well, there's always the food...
It's my first Mother's Day as an empty nester...my two boys are both out west, finishing up their semesters at college. In their early years, finding the time and focus for my art work was a challenge of course--nobody gets through that stage of life without sacrifices and frantic juggling of time and energy. Somehow I was able to keep on with my studio work, or some scaled down version of it, through it all. As time went on, the expectation that I would have my studio time took root in our family dynamic, and things got easier. This photo was taken at my first solo gallery show, at the now-defunct Suzanne Kohn Gallery in Minneapolis/St.Paul in 1994. You can't see it in the picture, but my son's other arm is in a cast (in the midst of my last-minute show preparations I got a call from the school secretary asking if his arm normally curved like a banana or had he really been hurt as badly as he claimed on the playground?)
When I talk to young artists wondering if they can fit kids into their creative lives, I can only offer the kind of encouragement that based on personal experience, that for me (aided by my very supportive husband) it was doable and worth every struggle. I had almost no role models myself--personally knew no artist/parents that I could look to for advice or encouragement--when we had our first child in the year after I finished my MFA. I was terrified that I would lose every art cell in my brain to the haze of hormones, infant demands and the baby-centered world I found myself in. In desperation, I guess, I set myself the project of processing the experience through my work, in a series of abstracted growing plants, seeds, and birth canals. This was the beginning of motherhood feeding into my work, which continues to this day. From the time they were small, my kids have led me in directions of thought and understanding that I would never have anticipated.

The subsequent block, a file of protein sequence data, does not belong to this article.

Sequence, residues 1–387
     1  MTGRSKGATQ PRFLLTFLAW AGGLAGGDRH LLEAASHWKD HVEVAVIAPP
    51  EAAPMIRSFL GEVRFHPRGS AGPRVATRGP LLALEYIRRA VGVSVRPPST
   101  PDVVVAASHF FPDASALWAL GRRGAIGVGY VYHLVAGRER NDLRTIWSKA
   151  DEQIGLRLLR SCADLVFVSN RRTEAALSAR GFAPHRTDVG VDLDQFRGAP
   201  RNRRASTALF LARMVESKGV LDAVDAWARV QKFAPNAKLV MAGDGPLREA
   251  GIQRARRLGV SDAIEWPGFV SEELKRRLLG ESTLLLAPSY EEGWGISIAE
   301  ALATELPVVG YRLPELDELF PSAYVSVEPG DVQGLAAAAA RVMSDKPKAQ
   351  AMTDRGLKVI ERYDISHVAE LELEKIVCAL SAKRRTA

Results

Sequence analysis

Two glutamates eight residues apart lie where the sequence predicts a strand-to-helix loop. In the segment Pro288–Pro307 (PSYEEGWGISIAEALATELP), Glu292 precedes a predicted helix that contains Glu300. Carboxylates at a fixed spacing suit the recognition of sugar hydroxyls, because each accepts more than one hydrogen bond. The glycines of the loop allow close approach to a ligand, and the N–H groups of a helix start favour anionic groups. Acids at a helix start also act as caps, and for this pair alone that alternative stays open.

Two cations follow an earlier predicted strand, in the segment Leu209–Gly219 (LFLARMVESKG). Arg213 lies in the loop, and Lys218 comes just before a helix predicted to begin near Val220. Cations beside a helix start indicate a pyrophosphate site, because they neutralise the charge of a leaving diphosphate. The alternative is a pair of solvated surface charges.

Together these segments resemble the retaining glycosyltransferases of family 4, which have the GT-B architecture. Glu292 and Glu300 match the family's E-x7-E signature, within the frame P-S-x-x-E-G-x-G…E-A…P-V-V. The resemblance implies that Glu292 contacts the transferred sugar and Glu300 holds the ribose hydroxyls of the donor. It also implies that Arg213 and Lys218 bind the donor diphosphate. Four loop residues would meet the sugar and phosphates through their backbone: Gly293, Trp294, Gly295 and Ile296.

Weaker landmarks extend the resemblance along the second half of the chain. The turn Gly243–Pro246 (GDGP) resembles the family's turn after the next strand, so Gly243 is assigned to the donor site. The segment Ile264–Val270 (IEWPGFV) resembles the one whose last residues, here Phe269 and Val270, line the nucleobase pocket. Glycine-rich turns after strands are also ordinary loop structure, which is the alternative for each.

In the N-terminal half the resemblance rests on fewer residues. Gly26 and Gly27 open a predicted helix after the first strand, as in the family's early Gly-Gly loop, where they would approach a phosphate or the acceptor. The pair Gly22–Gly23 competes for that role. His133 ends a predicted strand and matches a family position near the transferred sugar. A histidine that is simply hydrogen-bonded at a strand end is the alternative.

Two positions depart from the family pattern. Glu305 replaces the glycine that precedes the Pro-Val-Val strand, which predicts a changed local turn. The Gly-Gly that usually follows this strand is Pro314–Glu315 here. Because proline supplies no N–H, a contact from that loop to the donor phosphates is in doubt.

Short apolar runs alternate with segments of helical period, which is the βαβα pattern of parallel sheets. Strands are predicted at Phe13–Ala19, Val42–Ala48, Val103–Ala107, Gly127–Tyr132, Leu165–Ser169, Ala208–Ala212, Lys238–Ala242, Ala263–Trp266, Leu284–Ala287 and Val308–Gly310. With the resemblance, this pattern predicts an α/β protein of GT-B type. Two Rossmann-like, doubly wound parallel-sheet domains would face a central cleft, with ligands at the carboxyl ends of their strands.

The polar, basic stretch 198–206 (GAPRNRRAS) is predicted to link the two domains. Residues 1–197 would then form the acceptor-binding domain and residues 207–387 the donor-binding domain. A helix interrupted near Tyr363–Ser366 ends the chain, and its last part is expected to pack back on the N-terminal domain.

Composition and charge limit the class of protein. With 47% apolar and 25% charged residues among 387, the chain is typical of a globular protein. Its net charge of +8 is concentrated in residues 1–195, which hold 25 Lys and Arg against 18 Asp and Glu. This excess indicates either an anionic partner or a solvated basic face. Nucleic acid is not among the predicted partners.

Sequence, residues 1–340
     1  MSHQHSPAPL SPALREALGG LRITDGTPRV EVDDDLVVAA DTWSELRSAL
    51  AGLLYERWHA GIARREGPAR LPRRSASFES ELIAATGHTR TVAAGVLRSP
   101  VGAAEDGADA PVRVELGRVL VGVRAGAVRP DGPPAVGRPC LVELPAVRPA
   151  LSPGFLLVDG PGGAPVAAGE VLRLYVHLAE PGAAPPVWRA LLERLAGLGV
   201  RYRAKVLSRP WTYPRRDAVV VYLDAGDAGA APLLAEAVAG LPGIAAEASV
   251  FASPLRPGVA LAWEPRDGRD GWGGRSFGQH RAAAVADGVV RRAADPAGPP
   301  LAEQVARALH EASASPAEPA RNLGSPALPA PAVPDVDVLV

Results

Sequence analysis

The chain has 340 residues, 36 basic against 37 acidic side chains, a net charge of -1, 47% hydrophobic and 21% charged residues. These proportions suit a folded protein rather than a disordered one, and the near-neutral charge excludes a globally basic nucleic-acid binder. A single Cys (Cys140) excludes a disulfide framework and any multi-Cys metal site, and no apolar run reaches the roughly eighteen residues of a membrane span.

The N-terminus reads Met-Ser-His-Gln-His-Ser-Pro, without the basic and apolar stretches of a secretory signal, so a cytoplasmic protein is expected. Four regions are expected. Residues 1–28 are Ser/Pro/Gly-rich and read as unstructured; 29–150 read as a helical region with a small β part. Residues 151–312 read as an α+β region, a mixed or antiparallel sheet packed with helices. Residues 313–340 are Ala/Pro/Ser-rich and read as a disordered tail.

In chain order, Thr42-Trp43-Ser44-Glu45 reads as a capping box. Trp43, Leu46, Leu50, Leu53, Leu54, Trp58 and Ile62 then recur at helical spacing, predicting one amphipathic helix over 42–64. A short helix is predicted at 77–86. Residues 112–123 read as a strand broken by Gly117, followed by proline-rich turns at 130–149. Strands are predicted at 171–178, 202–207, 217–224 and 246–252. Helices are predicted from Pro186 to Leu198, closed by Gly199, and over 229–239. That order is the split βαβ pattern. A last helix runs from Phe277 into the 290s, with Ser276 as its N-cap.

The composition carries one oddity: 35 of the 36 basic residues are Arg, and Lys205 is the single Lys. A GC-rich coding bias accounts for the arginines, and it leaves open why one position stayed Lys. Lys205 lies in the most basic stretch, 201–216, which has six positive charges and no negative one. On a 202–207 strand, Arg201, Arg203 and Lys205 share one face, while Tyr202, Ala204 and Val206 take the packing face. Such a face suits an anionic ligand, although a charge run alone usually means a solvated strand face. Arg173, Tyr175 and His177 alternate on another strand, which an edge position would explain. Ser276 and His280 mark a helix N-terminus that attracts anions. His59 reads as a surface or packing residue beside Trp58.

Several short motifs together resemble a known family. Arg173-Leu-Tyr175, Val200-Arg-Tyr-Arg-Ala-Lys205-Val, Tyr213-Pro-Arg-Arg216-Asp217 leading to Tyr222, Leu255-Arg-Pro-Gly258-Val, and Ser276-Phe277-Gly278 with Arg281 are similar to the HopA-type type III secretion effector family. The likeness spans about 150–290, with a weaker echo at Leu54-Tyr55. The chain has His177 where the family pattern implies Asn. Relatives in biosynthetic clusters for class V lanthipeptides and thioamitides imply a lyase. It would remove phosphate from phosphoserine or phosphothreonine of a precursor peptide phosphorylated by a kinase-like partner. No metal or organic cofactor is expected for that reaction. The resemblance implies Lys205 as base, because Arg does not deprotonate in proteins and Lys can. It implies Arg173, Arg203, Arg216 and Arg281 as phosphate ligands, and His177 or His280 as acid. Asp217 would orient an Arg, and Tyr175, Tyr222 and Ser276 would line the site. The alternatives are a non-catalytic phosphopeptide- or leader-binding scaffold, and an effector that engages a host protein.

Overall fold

Of course, this is my perspective...I wonder sometimes how it was for my boys to have an artist for a mother. Getting dragged to openings, competing with paintings for my attention, and having an unconventional mother in a very conventional community were probably not always easy. Still I hope they benefited from being so close to my art life. They grew up knowing that besides being their mother, I was also committed to my work and doing what I love. At 18 and 21, they are now fastantic young men with deep creative capacities of their own.
Old photos like this one tug at my emotions but really, I am happy to be in the present--off now to take my own mother to lunch and to shop at our favorite garden center for spring plants. Wishing a good Mother's Day to all--